Marital Distress

  • Steven L. Sayers
  • Donald H. Baucom
  • Lynn Rankin
Part of the Critical Issues in Psychiatry book series (CIPS)

Abstract

Most clinicians have contact with individuals or couples who are experiencing marital conflict. Indeed, marital distress is quite common. At least half of all first marriages and half of all remarriages eventually fail (Glick, 1984, 1989a,b). Twenty percent of married couples at any particular time are likely to be distressed (Beach, Arias, & O’Leary, 1987a). Often marital issues must be addressed because of the interrelationship between marital problems and the psychological functioning of the individual. In some couples, marital conflict may precipitate or exacerbate the psychiatric symptoms of one of the spouses; in other couples, an existing psychiatric disorder may lead to the disruption of the marital relationship. Given these circumstances, it is encouraging that, since the late 1960s, an increasing number of investigations have shown behavioral marital therapy to be an effective treatment for marital distress (Baucom & Hoffman, 1986). Additionally, marital therapy shows promise in the treatment of concomitant psychiatric disorders such as depression. Before we elucidate these developments, it is necessary to describe marital distress from a behavioral perspective.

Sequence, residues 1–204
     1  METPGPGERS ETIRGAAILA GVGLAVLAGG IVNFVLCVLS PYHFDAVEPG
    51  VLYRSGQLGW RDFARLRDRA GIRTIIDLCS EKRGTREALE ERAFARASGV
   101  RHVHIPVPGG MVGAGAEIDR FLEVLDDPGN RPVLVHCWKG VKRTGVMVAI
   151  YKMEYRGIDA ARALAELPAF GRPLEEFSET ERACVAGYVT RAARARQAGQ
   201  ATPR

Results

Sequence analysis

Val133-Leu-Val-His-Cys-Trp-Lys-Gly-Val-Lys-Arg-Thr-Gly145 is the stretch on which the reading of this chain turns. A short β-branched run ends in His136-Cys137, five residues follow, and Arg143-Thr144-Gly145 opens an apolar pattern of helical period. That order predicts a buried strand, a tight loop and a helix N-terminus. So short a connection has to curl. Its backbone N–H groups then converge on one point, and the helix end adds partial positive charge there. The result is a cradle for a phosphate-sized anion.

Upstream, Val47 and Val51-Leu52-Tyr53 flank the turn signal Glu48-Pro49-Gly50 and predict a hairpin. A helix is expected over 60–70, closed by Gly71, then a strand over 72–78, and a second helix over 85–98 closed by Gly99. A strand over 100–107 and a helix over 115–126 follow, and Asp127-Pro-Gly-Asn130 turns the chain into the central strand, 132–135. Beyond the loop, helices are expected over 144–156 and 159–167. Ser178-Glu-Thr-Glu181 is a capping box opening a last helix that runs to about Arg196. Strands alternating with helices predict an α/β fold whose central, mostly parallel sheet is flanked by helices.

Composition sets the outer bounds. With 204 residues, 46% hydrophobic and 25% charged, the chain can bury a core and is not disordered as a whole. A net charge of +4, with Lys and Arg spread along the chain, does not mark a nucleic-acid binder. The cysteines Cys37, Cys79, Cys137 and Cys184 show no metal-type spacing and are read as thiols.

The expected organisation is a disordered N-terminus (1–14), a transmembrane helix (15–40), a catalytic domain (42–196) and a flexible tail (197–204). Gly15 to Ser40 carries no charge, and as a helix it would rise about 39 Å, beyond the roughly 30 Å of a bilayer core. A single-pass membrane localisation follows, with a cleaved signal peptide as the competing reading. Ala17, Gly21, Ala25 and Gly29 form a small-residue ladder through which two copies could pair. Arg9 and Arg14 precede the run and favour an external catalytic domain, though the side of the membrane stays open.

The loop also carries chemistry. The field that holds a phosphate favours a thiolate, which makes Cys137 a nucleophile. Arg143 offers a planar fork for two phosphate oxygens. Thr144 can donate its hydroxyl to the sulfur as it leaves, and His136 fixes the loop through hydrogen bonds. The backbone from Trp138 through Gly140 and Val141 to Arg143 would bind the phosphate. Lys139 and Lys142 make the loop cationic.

Keywords

Depression Lithium Beach Haas Antabuse 

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Copyright information

© Springer Science+Business Media New York 1993

Authors and Affiliations

  • Steven L. Sayers
    • 1
  • Donald H. Baucom
    • 2
  • Lynn Rankin
    • 2
  1. 1.Medical College of Pennsylvania at EPPIPhiladelphiaUSA
  2. 2.Department of PsychologyUniversity of North Carolina at Chapel HillChapel HillUSA

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